Google has expanded its Street View service to cover 96 percent of all UK roads and thoroughfares
Google has expanded its Street View feature to cover “almost all” of the roads in the UK. From today, British users of the virtual mapping service will be able to view 360 degree images of 238,000 miles of public road and thoroughfares, from Cornwall to the Shetlands.
Google first launched Street View in the UK in March 2009, and has since been working to expand the service, stitching together more imagery collected by its camera-equipped cars. By increasing availability to cover 96 percent of the country’s roads and thoroughfares, the UK is catching up with Spain, France, Italy and the US, which already have nationwide coverage.
New images of British streets
“Street View takes mapping to a level not possible before. And with so many practical applications it’s no wonder that over two thirds of people who had tried the service said they would use Street View again,” said Google’s Geospatial Technologist Ed Parsons. “This new imagery of so many stunning British places means it’s the ideal time to start planning a trip, kick start a house-hunt or simply ensure you never arrive late to a meeting again.”
Street View has already proved popular across the UK, with a more than a 30 percent sustained increase in Google Maps usage since its launch, according to polling company YouGov. Individuals use it to check out restaurants, make travel plans and arrange meeting points, while many businesses embed Google Maps into their websites.
“We’re pleased that Google has increased its coverage of places in Britain,” said Sandie Dawe, chief executive of VisitBritain, claiming that Street View is increasingly becoming one of the first places people turn to when planning a visit. “Whether it’s shopping or museums; coastal towns or countryside; ancient history or ultra modern architecture, our potential visitors can dip in and find something to inspire them to visit our shores,” she said.
For Street View, Google deploys cars, tricycles and bicycles fitted with cameras to snap photos of urban streets. These pictures often include people, although Google employs special technology to blur faces and license plates in the pictures it captures. However, the introduction of Google Street View to the UK has been far from plane sailing.
Street View faces privacy concerns
In April last year, villagers in Broughton in Buckinghamshire formed a human chain to turn away a car shooting images for Street View. “They felt his presence was an intrusion of their privacy,” the Thames Valley Police told The Associated Press, adding that the Google contractor had driven off by the time the local constabulary arrived.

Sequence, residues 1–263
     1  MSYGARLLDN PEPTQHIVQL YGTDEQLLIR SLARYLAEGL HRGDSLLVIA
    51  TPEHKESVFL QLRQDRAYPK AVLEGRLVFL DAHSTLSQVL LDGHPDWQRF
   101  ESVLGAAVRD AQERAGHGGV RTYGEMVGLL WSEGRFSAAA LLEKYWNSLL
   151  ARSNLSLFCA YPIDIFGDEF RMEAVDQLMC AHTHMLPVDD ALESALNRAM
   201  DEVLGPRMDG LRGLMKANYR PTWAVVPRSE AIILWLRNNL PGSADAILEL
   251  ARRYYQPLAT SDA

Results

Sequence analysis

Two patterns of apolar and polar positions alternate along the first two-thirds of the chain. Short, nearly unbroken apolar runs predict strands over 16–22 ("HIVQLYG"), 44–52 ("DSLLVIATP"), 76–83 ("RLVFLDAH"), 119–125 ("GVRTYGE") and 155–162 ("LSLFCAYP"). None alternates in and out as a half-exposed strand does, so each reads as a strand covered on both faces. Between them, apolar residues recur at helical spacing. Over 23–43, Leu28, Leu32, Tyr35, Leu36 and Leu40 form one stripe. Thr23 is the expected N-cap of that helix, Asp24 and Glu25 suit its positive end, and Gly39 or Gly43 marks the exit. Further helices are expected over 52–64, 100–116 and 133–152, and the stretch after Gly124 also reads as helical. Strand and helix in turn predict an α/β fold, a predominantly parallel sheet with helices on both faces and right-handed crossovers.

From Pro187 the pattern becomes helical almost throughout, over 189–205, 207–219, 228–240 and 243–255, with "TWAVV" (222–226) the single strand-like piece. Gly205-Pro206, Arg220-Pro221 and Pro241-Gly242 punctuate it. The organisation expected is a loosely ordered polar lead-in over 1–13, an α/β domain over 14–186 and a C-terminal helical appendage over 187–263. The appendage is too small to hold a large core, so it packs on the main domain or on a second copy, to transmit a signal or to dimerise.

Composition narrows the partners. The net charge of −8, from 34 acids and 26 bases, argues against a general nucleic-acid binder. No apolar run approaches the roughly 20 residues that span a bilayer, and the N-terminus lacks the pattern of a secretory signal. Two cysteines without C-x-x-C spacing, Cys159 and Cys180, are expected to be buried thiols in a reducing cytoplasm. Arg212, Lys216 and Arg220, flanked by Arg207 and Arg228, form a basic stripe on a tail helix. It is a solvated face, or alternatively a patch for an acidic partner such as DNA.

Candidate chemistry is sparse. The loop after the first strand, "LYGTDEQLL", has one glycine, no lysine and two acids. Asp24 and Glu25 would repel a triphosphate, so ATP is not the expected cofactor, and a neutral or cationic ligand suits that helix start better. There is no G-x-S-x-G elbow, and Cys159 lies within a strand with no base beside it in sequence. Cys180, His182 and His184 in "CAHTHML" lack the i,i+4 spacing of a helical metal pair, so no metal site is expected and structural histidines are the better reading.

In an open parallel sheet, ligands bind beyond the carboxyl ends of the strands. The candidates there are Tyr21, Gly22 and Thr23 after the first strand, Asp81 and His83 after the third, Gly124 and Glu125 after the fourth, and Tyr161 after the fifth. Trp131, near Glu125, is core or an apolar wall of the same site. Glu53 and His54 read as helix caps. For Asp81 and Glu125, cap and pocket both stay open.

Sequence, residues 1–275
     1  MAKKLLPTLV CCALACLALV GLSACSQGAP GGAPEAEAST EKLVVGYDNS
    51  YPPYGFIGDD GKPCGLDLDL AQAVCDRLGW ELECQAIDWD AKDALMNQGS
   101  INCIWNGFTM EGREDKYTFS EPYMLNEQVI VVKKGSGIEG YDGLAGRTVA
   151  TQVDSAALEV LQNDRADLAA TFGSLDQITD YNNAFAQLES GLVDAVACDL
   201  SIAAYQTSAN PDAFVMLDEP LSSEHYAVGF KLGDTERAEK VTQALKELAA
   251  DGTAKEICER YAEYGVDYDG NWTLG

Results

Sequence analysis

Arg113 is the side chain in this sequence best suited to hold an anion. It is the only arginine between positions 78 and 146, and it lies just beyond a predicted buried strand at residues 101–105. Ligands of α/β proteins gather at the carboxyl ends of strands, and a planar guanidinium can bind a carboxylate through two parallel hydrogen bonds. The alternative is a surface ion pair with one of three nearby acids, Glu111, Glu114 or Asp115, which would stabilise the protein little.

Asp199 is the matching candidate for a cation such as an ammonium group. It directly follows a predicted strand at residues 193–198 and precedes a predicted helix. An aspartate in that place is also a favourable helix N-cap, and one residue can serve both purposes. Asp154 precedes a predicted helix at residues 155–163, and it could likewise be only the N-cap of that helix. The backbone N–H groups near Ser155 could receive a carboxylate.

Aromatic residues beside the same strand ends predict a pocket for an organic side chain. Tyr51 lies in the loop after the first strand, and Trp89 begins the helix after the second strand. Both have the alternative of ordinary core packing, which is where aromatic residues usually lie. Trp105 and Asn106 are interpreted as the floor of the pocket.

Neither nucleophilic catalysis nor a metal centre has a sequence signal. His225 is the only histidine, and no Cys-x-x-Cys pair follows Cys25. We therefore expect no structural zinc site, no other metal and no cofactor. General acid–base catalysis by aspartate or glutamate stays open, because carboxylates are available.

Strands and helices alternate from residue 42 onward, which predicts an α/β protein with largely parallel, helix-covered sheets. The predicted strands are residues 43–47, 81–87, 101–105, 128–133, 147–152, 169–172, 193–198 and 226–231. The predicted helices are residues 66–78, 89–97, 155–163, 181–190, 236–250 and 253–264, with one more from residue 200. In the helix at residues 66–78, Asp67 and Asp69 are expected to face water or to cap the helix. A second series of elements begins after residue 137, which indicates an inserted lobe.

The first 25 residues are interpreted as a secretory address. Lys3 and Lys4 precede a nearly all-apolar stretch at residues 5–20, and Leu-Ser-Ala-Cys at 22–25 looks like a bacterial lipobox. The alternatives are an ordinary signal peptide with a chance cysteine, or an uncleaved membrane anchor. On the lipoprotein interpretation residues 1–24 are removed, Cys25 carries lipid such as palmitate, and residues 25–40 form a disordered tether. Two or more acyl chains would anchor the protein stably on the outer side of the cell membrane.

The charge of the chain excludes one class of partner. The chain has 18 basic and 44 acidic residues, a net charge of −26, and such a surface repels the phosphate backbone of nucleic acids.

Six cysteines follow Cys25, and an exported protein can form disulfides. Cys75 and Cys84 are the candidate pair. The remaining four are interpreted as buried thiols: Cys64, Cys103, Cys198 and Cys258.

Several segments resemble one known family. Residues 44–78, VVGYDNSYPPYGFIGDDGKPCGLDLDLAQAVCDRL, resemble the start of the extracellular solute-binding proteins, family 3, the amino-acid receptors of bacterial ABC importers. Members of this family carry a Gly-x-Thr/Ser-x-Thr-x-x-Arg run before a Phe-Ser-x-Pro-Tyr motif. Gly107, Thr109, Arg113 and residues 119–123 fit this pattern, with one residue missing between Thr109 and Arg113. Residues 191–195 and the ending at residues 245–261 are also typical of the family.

More recently, Google has clashed with the European Union over the challenges of protecting personal information. At an EC conference in May 2009, a delegate from Luxembourg asked Google’s global privacy counsel Peter Fleischer why Google does not flag up when its camera vehicles are visiting a city.
“I fully sign up to the principle that citizens in these cities should have a way of finding this information – there is a list on the Internet of places we will visit,” said Fleischer. “We are constantly trying to perfect systems but we will never live in a perfect world where each and ever citizen will have a perfect time-table of when this kind of filming will happen.”
However, earlier this month the EU’s Article 29 Data Protection Working Party decided to crack down on Google’s Street View practices, demanding that Google provides people with advance notice of when its Street View vehicles will be roving the streets, It also specified that these images should be deleted after six months.
Google responded that its current retention period of one year is necessary to maintain the quality of the Street View service. “The need to retain the unblurred images is legitimate and justified – to ensure the quality and accuracy of our maps, to improve our ability to rectify mistakes in blurring, as well as to use the data we have collected to build better maps products for our users,” said in a statement sent to eWEEK.
“We have publicly committed to a retention period of 12 months from the date on which images are published on Street View, and this is the period which we will continue to meet globally,” he added.